• Animadversions upon Sir Henry Vanes book, entituled The Retired Mans Meditations. Examining his doctrine concerning Adam's fall, Christs person, and sufferings, justification, common and special grace; and many other things in his book. By Martin Finch, preacher of the Gospel (Printed for Joseph Barber, and are sold at the Lamb in Pauls Church-yard, London 1656).[5]
  • A Manuall of Practicall Divinity for the Benefit of Weak Christians, the informing their judgements, the quickning their affections, and directing their conversation. With several things that may be of use for the convincing and awakening those that are yet in their natural estate. By Martin Fynch, pastor of the Church of Christ at Tetney in Lincoln-shire (Printed by R.W. for Thomas Brewster at the three Bibles near the west end of Pauls, London 1658).[6]
  • Of the Conversion of Sinners to God in Christ: The 1. necessity, 2. nature, 3. means, 4. signs of it. With a concluding speech to the unconverted (Printed for Henry Mortlock, London 1680).[7]
  • An answer to Mr. Thomas Grantham's book, called, A dialogue between the Baptist and the Presbyterian (Printed by T.S. for Edward Giles and Tho. Parkhurst, London 1691).[8]
  • A sermon preach'd upon the death of that pious and learned divine, John Collinges, D.D.: the 25th day of January, 1690 : from Acts 13, 36 (Printed by Edward Giles, Norwich 1695).[9]

He saw two volumes of the works of Thomas Allen through the press after the author's death (which occurred in 1673):

  • The Way of the Spirit in bringing Souls to Christ. Set forth in X. sermons on John XVI. 7, 8, 9, 10 and chap VII. 37, by Thomas Allen, Minister of St. Edmond's Norwich (London, 1676). Editor's address by Martin Fynch.[10]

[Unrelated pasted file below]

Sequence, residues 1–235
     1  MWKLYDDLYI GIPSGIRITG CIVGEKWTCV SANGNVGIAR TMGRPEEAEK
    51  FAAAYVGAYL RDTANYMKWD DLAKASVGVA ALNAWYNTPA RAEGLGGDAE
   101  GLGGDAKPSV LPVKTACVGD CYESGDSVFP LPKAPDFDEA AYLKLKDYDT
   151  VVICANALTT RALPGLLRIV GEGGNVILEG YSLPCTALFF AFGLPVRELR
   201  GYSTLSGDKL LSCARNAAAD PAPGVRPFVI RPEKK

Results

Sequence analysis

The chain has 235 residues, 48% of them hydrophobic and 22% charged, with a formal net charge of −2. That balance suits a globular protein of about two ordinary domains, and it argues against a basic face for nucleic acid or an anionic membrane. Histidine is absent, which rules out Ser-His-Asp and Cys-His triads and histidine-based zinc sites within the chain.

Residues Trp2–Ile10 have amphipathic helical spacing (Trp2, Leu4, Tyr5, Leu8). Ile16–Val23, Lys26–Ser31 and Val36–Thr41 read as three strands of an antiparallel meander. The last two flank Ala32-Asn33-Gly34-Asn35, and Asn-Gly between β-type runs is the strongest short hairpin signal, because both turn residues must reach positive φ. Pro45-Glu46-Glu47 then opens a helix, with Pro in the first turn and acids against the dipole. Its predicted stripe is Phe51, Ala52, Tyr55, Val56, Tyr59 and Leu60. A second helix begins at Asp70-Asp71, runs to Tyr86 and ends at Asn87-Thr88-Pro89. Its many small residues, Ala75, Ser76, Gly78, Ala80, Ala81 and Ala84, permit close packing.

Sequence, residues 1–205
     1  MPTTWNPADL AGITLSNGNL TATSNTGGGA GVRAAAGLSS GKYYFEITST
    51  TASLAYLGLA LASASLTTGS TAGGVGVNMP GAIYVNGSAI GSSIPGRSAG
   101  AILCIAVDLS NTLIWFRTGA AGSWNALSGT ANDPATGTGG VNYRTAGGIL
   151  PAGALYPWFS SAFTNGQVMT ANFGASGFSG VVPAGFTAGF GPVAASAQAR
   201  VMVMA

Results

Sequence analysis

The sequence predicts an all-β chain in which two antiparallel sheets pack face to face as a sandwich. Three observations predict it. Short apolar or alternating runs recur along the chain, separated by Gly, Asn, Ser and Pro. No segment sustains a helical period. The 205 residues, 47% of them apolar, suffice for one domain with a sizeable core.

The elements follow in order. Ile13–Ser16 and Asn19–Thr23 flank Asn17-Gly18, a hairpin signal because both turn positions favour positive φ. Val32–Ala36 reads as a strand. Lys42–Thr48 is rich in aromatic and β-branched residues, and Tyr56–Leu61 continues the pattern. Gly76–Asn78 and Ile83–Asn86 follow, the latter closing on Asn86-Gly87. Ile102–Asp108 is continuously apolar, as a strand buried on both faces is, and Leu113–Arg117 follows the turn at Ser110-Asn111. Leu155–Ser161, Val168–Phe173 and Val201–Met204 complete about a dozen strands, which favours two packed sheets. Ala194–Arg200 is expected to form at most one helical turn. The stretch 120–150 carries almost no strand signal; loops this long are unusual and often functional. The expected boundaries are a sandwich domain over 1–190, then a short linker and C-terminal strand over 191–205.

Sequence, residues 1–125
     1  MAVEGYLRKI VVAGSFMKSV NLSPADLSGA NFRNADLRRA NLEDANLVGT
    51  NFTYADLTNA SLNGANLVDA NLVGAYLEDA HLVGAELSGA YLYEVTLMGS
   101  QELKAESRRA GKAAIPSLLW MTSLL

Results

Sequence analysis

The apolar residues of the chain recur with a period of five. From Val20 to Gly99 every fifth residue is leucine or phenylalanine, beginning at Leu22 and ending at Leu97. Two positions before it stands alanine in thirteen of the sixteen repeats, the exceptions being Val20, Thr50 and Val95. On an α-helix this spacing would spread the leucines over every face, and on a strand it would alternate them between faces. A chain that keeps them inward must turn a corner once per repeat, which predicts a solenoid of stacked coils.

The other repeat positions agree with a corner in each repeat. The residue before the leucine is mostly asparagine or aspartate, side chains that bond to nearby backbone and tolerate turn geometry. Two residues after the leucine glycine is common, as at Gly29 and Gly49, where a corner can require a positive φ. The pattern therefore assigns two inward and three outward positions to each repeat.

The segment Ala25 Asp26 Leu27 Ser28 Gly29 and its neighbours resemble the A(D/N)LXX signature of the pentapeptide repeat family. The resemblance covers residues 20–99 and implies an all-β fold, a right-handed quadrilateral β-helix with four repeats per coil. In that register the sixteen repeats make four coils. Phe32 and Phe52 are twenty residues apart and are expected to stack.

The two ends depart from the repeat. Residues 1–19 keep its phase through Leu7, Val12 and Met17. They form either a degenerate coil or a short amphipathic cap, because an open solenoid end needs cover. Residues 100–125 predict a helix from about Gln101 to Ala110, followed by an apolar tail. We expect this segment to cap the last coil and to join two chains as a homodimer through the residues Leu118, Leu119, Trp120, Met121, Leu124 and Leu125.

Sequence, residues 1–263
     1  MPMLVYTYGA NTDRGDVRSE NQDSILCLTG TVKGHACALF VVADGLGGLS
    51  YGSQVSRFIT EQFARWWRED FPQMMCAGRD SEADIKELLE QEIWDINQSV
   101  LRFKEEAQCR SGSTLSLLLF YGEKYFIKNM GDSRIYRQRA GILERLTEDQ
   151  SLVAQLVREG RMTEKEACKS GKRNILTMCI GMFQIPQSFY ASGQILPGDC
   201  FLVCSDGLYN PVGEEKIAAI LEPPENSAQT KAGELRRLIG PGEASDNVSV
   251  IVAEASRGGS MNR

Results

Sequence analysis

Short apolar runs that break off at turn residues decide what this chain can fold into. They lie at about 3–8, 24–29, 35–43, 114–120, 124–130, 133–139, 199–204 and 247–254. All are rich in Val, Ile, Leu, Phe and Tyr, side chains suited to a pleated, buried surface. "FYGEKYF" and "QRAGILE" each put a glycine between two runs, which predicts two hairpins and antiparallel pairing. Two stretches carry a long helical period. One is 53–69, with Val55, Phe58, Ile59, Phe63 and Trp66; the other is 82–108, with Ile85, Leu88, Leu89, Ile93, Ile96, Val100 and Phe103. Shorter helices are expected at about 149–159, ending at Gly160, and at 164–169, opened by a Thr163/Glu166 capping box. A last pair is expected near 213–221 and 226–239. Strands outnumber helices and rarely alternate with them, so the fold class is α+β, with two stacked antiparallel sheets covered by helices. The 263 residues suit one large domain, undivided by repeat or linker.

• The Glory of Christ Set Forth in several sermons from John III. 34, 35, 36 and V. 25 : and The Necessity of Faith in order to pleasing God, from Hebrews XI.6. by Mr. Thomas Allen, late pastor of a church in the city of Norwich (London: Printed by A.M. and R.R. for Edward Giles, bookseller in Norwich, near the Market-place, 1683). Editor's address by Martin Fynch.[11]


  1. ^ S. Wright, 'Fynch [Finch], Martin (1628/9–1698), clergyman and ejected minister', Oxford Dictionary of National Biography (2004).
  2. ^ J. Venn, Alumni Cantabrigienses Part I vol. 2 (Cambridge University Press, 1922), p. 139 (Internet Archive).
  3. ^ E. Calamy, ed. S. Palmer, The Nonconformist's Memorial, 3 vols (W. Harris, London 1775), II, p. 162 (Google).
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  9. ^ Full text (original page views) at Google. (open).
  10. ^ Full view (page views) at Google. (open). Full text at Umich/eebo. (Reserved - Login only).
  11. ^ Full text at Umich/eebo. (Reserved - Login only).

 This article incorporates text from a publication now in the public domain"Fynch, Martin" . Dictionary of National Biography. London: Smith, Elder & Co. 1885–1900.